Cabinet set to pass emergency climate programme allocating 8 bln euros
Frankfurter Allgemeine Zeitung
The German government aims to spend some 5.2 billion euros next year in climate protection investments as part of an emergency climate pact that is expected to be approved by chancellor Angela Merkel’s cabinet on 23 June, reports newspaper Frankfurter Allgemeine Zeitung (FAZ), which obtained a copy of the document. The plan allocates an additional 8.1 billion euros to help achieve climate protection goals over the next five years. However, as the parliament is about to head into the summer break and Germany holds a national election in September, the proposals are more of a wish list for the next government, writes FAZ. Legislative changes and the decision on funds from the budget would have to be made by the next parliament. Some 2.5 billion euros are earmarked for the funding of energy-efficient buildings in 2022. More than 650 million euros will go to the decarbonisation of industry as part of a plan that will also include Carbon Contracts for Difference (CCfD). These contracts, which are also supported by the Green Party, serve to cushion the higher operating costs that industries will face as they adopt more environmentally friendly processes. In addition, the climate pact allocates 302 million euros for the expansion of bicycle paths; 300 million euros for waterways; and 200 million euros for the railway. Support will also go to forest protection; climate-friendly social housing, ecological shipping and the steel industry, especially for hydrogen. Some 65 million euros have been earmarked for offshore electrolysers and for the H2 Global initiative to support the energy industry and another 40 million euros is backing hydrogen technology for hybrid-electric aircraft projects.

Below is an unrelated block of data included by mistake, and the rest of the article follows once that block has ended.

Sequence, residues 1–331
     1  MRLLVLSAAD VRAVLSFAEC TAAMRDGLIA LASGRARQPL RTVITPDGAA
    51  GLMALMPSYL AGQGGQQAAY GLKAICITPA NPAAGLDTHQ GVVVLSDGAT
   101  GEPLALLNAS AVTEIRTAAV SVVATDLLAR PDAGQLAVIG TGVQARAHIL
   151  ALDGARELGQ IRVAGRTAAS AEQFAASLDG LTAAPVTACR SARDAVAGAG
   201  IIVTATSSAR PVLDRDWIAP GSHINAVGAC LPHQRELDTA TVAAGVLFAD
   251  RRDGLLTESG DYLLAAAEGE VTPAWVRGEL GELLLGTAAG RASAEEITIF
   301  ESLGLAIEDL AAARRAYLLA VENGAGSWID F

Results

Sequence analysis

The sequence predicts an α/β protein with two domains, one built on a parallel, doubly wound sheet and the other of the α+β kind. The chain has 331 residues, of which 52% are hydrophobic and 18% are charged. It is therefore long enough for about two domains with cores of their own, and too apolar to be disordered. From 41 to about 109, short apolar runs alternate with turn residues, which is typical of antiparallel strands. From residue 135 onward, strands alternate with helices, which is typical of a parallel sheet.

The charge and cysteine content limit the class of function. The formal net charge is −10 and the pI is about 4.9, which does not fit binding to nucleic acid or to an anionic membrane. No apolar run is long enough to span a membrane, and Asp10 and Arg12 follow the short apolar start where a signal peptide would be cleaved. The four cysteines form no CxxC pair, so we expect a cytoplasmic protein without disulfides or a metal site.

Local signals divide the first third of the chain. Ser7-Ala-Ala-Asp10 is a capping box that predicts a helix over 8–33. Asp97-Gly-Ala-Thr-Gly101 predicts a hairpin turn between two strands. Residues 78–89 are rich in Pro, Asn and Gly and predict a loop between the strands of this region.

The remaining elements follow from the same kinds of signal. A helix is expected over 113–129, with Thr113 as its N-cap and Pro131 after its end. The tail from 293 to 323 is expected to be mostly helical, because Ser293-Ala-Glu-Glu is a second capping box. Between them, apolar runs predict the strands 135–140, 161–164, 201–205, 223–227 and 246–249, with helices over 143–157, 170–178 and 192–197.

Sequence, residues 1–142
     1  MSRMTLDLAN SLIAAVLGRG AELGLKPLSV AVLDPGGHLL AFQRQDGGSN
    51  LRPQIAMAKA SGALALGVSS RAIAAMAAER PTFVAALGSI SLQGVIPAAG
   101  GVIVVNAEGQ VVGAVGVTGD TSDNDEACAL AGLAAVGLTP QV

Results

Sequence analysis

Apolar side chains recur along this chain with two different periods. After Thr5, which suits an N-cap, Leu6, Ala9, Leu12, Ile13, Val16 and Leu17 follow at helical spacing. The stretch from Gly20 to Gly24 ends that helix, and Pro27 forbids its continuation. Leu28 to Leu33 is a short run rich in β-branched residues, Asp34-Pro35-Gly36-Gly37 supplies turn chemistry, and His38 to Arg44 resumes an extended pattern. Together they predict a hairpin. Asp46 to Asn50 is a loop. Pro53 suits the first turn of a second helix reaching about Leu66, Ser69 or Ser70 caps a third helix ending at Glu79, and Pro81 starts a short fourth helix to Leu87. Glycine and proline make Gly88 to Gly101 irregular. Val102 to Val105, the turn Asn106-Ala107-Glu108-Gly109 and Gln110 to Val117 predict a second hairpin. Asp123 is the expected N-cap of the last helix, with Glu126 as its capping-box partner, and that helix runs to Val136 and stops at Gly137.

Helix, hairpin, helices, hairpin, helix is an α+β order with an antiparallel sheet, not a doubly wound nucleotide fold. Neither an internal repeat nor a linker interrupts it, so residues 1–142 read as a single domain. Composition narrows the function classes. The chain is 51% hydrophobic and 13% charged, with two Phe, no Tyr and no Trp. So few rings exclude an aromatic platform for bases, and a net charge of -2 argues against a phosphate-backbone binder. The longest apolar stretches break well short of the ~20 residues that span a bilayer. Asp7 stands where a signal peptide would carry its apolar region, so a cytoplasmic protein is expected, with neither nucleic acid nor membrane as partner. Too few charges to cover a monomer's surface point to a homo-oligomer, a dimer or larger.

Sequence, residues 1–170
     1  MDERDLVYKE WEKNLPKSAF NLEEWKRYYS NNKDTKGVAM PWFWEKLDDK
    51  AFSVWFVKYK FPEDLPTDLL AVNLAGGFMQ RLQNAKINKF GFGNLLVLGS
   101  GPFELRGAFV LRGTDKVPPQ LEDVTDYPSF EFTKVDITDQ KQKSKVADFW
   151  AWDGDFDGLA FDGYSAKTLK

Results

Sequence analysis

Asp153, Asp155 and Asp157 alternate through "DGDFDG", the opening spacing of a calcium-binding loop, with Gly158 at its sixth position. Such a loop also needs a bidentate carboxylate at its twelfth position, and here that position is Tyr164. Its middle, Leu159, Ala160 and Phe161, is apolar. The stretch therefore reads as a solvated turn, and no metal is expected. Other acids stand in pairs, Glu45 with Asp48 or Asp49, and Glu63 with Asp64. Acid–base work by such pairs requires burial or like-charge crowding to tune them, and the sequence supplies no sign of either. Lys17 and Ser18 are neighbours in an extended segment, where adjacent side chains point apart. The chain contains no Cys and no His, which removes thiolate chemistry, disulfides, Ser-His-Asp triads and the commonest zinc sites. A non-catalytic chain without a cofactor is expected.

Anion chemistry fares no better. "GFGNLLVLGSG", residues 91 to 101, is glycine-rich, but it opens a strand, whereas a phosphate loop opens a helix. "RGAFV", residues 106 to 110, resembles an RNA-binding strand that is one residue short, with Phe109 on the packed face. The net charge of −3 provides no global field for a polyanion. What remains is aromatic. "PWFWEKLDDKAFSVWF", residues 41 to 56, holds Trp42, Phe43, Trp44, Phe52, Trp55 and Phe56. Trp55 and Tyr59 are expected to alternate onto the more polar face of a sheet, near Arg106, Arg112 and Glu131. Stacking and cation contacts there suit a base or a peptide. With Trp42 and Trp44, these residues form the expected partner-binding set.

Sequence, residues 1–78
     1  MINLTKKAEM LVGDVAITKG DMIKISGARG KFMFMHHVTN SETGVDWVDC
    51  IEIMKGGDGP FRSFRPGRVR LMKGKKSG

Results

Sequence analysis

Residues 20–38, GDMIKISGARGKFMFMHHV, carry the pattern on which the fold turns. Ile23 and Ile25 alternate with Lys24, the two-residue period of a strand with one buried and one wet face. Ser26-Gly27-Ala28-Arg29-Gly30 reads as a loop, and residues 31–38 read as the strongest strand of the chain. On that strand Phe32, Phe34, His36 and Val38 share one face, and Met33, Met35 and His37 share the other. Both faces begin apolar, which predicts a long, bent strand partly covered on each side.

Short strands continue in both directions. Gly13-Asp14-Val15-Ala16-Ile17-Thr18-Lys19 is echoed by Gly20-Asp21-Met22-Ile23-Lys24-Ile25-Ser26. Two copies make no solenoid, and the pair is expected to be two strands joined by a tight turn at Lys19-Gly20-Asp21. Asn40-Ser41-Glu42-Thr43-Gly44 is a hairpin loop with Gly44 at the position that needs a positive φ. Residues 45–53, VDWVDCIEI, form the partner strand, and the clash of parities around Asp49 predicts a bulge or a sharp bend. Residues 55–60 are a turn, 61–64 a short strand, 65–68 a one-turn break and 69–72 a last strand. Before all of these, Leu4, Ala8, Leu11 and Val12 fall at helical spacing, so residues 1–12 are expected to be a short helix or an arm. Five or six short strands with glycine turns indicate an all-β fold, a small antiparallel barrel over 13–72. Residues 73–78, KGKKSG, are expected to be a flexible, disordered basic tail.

In May, the German government agreed on the climate pact in order to reach the more ambitious emission reduction targets, following a landmark ruling by the German top court judging that the country's key climate legislation was insufficient. The climate pact is not part of the amended Climate Change Act that is expected to pass on 24 June but rather a legacy project from Merkel’s outgoing coalition. Due to the summer break, it won’t make into the legislative process until next year.